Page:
US cruises can sail again starting in November, but under new CDC coronavirus rules
Cruise ships will be able to sail in U.S. waters starting Sunday, provided they follow the Centers for Disease Control and Prevention's new coronavirus protocols.
The CDC announced on Friday that its No-Sail regulation will not be renewed and will expire on October 31st - nearly eight months after it was first issued on March 14th.
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The CDC has also issued a “Framework for Conditional Sailing Regulations” that introduces a “step-by-step approach” for cruise ships of 250 or more passengers to resume operations while maintaining high standards of health and safety.
The Norwegian Cruise Line cruise ship "Norwegian Dawn" leaves the Royal Naval Dockyard on July 16, 2013 near the port of Hamilton, Bermuda. REUTERS / Gary Cameron
"This framework offers a way to resume safe and responsible sailing," CDC Director Robert Redfield said in a press release. "It will reduce the risk of COVID-19 outbreaks on ships and prevent passengers and crew from triggering outbreaks in ports and in the communities where they live."
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The update is a leap forward for cruise loyalists and the cruise lines that have been financially ruined since the March pandemic. However, some of the larger cruise lines may not take advantage of the lifting of restrictions - at least for the rest of 2020.
Of the major US cruise lines, Royal Caribbean (RCL) and Norwegian (NCLH) suspended the majority of their cruises for the remainder of the year. Sailing in 2020 is possible on Carnival (CCL) and Holland American with destinations to Antarctica, Australia, Asia, the Caribbean, Central America, Mexico, New Zealand and South America.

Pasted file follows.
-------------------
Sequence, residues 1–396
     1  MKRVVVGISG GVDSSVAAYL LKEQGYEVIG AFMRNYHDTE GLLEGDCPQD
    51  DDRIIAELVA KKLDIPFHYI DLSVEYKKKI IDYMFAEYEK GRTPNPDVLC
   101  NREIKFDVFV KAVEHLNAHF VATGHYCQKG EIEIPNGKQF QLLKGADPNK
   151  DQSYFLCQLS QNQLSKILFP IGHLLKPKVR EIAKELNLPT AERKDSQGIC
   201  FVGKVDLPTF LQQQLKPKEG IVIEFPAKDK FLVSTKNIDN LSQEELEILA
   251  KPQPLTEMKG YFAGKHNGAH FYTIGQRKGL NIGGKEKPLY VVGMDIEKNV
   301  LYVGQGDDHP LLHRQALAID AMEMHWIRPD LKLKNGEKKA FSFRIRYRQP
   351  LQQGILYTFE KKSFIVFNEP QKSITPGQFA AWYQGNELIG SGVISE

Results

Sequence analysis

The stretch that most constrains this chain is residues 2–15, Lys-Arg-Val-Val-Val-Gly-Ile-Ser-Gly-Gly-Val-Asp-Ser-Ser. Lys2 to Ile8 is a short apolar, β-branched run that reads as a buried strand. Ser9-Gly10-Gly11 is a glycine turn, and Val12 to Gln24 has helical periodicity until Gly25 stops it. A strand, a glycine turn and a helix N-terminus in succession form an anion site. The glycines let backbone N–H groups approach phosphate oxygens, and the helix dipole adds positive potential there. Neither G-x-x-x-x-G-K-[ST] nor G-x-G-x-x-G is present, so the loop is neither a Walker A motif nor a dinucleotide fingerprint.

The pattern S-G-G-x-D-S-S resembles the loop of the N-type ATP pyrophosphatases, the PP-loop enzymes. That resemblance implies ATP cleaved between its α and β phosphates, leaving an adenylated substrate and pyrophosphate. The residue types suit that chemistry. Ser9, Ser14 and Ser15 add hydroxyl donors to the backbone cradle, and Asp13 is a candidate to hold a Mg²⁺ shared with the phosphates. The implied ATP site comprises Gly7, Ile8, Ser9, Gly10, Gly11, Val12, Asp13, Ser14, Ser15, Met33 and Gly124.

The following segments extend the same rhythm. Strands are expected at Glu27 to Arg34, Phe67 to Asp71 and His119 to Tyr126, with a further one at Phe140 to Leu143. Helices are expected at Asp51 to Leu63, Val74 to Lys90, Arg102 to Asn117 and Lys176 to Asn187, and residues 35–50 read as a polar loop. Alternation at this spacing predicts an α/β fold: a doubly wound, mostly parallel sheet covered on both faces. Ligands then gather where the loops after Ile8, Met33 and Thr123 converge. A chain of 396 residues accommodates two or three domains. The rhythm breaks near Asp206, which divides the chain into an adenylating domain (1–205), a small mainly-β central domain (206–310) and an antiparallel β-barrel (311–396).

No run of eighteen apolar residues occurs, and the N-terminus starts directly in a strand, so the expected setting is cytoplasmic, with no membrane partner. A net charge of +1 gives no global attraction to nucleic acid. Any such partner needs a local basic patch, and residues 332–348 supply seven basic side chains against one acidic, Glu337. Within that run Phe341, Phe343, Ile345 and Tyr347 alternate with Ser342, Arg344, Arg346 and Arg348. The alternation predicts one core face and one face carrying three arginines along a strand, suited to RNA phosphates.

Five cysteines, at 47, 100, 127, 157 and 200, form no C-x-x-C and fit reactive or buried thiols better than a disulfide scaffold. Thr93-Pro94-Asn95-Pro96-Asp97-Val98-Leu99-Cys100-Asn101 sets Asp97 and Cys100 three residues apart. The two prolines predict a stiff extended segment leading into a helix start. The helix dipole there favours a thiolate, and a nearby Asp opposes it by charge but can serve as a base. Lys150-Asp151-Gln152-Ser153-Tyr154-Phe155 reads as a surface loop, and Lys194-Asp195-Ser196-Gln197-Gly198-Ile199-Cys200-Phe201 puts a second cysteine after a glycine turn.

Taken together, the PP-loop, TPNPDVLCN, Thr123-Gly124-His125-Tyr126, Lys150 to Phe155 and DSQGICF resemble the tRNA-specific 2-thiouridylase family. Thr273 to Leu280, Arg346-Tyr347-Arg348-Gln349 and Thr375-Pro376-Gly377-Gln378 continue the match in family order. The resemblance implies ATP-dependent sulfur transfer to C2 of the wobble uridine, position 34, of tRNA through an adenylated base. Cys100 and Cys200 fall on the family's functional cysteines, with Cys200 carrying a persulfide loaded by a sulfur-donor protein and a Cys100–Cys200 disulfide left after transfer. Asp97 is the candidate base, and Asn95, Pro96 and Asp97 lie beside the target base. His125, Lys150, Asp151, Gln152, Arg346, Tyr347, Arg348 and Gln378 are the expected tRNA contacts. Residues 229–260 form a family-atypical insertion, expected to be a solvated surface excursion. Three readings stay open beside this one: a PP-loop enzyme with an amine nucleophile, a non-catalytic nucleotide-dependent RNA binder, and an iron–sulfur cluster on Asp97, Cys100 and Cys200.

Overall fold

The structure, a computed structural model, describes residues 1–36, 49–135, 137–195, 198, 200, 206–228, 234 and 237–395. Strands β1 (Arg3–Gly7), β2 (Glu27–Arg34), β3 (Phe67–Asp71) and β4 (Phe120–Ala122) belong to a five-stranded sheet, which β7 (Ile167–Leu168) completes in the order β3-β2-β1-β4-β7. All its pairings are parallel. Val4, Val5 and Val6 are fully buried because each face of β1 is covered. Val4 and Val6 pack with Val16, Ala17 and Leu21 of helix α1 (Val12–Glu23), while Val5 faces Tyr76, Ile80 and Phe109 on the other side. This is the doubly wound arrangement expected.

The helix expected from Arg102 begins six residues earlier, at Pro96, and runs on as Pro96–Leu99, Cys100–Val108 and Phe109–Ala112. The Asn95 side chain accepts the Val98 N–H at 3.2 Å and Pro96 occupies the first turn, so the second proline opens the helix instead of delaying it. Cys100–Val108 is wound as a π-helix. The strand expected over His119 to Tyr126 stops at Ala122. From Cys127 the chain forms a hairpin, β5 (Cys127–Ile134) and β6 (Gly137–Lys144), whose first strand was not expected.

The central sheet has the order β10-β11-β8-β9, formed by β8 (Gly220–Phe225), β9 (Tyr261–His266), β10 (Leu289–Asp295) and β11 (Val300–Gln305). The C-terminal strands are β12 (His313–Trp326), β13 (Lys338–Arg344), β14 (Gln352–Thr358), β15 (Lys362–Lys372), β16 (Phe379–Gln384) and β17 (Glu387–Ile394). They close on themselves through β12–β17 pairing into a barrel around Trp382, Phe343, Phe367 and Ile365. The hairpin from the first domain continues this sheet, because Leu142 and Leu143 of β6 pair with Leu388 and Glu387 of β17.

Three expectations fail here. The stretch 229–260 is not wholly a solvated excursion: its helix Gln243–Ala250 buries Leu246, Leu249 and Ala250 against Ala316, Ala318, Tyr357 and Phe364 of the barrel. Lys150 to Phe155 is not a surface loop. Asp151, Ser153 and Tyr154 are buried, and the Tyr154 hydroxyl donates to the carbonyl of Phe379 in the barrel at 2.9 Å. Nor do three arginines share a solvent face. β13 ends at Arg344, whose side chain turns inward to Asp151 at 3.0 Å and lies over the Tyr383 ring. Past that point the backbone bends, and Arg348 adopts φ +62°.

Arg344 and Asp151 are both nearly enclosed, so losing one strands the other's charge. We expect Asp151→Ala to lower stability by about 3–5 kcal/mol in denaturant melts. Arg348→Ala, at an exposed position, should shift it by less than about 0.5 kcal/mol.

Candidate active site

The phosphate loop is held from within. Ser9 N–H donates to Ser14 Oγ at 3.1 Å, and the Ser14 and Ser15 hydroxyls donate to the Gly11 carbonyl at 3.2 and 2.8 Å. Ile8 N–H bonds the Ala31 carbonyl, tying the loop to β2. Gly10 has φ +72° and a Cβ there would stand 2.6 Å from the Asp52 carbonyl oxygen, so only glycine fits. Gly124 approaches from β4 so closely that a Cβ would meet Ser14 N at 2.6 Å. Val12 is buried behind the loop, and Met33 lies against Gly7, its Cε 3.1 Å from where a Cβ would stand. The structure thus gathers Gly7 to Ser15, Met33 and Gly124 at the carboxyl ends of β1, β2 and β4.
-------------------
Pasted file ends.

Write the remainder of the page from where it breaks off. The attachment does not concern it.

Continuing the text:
A passenger observes the harbor aboard the Eurodam cruise ship in Port Everglades in Fort Lauderdale, Fla., March 21, 2009. CRUISES / REUTERS / Carlos Barria
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During the rollout to full operation, the cruise lines will be subject to strict rules of “testing, quarantine and isolation and social distancing” for crews before passengers return to the ships.
In the following phases, voluntary participation in bogus trips is carried out to test the skills of the pressure test team in reducing the risk of COVID-19.
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"CDC and the cruise industry share a common goal of protecting crew, passengers and communities," said Redfield. "They will continue to work together to ensure that all required public health procedures are in place before cruise ships sail with passengers."
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Stephanie is a reporter for Yahoo Money and Cashay, a new personal finance website. Follow her on Twitter @SJAsymkos.
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